We then randomly sampled eligible physicians within each sampled facility. Eligible physicians were those with training in primary care (internal medicine, family medicine, general practice, or social medicine) or relevant specialties (pulmonology/TB for the COPD case or cardiology for the CHF case). At each site, eligible physicians were rostered and four were randomly selected and invited to participate. Of physicians who were approached, 61% agreed to complete the physician survey and CPV® vignettes. Of physicians who refused, 93% cited questionnaire length or lack of time as reasons; 6% cited reluctance to provide confidential information.

The physician survey gathered information about training, current practice, patient load and socio-demographic and economic indicators. We surveyed a total of 1,044 physicians (Table 2). Three quarters were women, with an average age of 47 with 22 years of experience, roughly equally split between Ukrainian speaking and Russian speaking; 1 in 6 to 7 worked at another facility. There were more primary care physicians and numbers of patients seen per month in polyclinics than hospitals, although roughly all facilities had the same proportion of patients over 40.
Table 2

Physician characteristics and quality of care

Characteristics

All facility types

All hospitals

Oblast hospital

Rayon/Town hospital

Polyclinic

   

(N = 34)

(N = 509)

(N = 500)

Social Demographics

Gender (male) %

24.7

35.2

35.3

28.3

20.4

Age

47.3

47.5

45.4

47.6

47.2

[11.1]

[11.1]

[13.2]

[10.9]

[11.1]

Language spoken at home (%):

     

Ukrainian

43.4

42.9

45.2

42.8

44

Russian

41.7

42.7

32.3

43.4

40.5

Both

13

13.1

22.6

12.5

13

Other

2

1.3

0

1.4

2.6

Medical Training

Years practicing as physician

22.2

22.5

20.7

22.6

21.9

[10.7]

10.7

[13]

[10.5]

[10.9]

Years practicing at the facility

17.6

17.7

14.1

17.9

17.4

[10.5]

10.4

[10.1]

[10.4]

[10.7]

Patient Load

General Practitioners (primary care) (%)

25.9

11.2

5.9

11.6

41.8

Patients ≥ 40 years old (%)

58

57.2

54.8

59.5

56.6

Hours/week at the facility

42.6

43.8

39.8

44.1

41.4

[11]

11.3

[9.6]

[11.4]

[10.5]

Inpatients per month (number)

28.7

53.1

27.4

40.7

16.9

[54]

88.2

[23.9]

[65.4]

[37.9]

Outpatients/month (number)

274.3

107.7

176.6

132.6

423.7

[276.4]

137.8

[301]

[214]

[252]

Minutes per OP visit

36.6

51.0

52.7

51.3

27.2

[53.7]

[72.57]

[74.7]

[72.6]

[33.5]

Work in other facilities (%)

13.5

13

18.2

12.8

13.9

Hrs/week at other facilities

20.1

21.4

11.8

22.2

18.7

[16.1]

16.3

[6.1]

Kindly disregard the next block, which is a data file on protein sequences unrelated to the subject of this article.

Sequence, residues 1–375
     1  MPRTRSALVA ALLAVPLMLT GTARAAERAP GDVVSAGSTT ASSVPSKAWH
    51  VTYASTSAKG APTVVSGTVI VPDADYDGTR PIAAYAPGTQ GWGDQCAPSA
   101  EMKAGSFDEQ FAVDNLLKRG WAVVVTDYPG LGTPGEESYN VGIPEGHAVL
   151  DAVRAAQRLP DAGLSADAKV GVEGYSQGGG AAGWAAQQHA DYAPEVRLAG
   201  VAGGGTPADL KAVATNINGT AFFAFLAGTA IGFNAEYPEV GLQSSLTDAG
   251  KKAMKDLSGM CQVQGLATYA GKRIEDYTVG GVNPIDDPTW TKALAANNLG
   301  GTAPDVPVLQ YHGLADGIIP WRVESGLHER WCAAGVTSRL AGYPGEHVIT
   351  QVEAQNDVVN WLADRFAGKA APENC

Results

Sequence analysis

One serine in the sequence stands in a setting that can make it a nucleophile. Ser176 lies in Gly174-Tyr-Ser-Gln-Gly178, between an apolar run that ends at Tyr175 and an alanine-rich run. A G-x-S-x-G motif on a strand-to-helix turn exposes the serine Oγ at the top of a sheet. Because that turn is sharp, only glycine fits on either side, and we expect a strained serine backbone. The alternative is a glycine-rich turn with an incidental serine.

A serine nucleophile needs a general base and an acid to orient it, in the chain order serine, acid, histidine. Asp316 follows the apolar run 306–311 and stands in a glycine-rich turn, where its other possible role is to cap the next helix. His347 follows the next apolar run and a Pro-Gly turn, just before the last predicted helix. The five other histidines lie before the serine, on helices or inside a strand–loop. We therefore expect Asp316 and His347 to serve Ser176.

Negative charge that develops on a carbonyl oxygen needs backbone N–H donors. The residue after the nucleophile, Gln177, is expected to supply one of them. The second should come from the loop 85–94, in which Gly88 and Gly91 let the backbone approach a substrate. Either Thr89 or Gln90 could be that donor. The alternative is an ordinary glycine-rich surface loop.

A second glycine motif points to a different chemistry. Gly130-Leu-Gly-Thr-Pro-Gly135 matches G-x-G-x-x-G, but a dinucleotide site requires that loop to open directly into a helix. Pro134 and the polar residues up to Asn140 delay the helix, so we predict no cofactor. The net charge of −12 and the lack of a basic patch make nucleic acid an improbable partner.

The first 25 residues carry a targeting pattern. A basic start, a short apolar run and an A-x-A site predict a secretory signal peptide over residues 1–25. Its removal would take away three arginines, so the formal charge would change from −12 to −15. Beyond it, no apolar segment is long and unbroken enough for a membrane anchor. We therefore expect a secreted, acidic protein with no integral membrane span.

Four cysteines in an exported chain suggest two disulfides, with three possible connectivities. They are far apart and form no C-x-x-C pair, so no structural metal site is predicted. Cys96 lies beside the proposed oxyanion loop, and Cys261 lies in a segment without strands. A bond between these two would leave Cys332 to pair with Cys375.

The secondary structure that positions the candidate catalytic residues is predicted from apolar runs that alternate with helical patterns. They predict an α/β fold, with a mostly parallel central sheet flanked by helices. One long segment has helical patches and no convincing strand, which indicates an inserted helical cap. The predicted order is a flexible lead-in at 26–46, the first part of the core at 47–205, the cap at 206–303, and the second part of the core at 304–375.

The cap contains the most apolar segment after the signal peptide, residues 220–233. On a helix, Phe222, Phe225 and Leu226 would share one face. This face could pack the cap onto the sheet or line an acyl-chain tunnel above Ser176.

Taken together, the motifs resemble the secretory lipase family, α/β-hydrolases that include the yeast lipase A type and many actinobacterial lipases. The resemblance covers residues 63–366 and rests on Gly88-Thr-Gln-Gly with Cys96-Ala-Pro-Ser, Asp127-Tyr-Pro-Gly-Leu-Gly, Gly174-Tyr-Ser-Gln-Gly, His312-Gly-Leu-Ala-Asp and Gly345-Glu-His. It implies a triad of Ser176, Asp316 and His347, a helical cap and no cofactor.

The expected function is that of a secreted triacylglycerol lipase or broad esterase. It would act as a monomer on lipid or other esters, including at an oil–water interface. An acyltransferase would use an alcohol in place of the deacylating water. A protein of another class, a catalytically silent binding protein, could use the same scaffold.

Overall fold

[16.6]

[16]

Case Type

All COPD

41.5 ± 12.7

41.9 ± 12.5

41.7 ± 10.7

41.9 ± 12.6

41.1 ± 13.1

All CHF

53.2 ± 13.1

53.2 ± 13.1

57.3 ± 11.6

52.9 ± 13.2

53.2 ± 13.0

All Cases

47.4 ± 11.4

47.5 ± 11.1

49.5 ± 8.7

47.4 ± 11.3

47.2 ± 11.6

By Domain (combined COPD + CHF)

History

59.9 ± 11.0

59.8 ± 10.9

61.8 ± 8.7

59.6 ± 11.0

60.0 ± 11.1

Physical exam

54.4 ± 23.8

55.6 ± 23.0

56.9 ± 24.8

55.5 ± 22.9

53.1 ± 24.5

Laboratory tests

77.5 ± 24.2

78.0 ± 23.9

81.4 ± 18.8

77.7 ± 24.2

77.0 ± 24.8

Diagnosis

56.0 ± 14.6

56.2 ± 15.3

58.8 ± 14.1

56.0 ± 15.3

55.8 ± 13.8

Treatment/Management

40.9 ± 12.9

40.8 ± 12.7

42.1 ± 12.1

40.7 ± 12.8

41.0 ± 13.2

Each physician also completed 2 Clinical Performance and Value® (CPV®) vignettes, which measured quality of clinical care. A CPV® vignette is a written case simulation of a typical visit from a patient with a given condition. Physicians are asked to take a history, describe the physical examination, order tests, make a diagnosis, and prescribe treatment as they would in an actual practice setting. CPV® vignettes have been validated against actual physician practice in prospective randomized trials in developed country settings [13, 14] and produce comparable results in developing countries [16]. They are capable of detecting changes in physician behavior and quality of care across time [22]. Most recently improvements in CPV® vignette scores have been experimentally linked to improved health status, strongly linking health outcomes to actual clinical practice in LMICs.

For this study, CPV® vignettes were developed for COPD and CHF. These two NCDs are strongly associated with an aging population and carry a high burden of disease. CHF, the end stage of many cardiac conditions, accounts for 38.4% of all deaths in Ukraine [4]; COPD is the third leading cause of death and accounts for 2.9% of all deaths, although this is almost certainly under-reported [4]. A simple and a complex CPV® vignette were developed for each disease.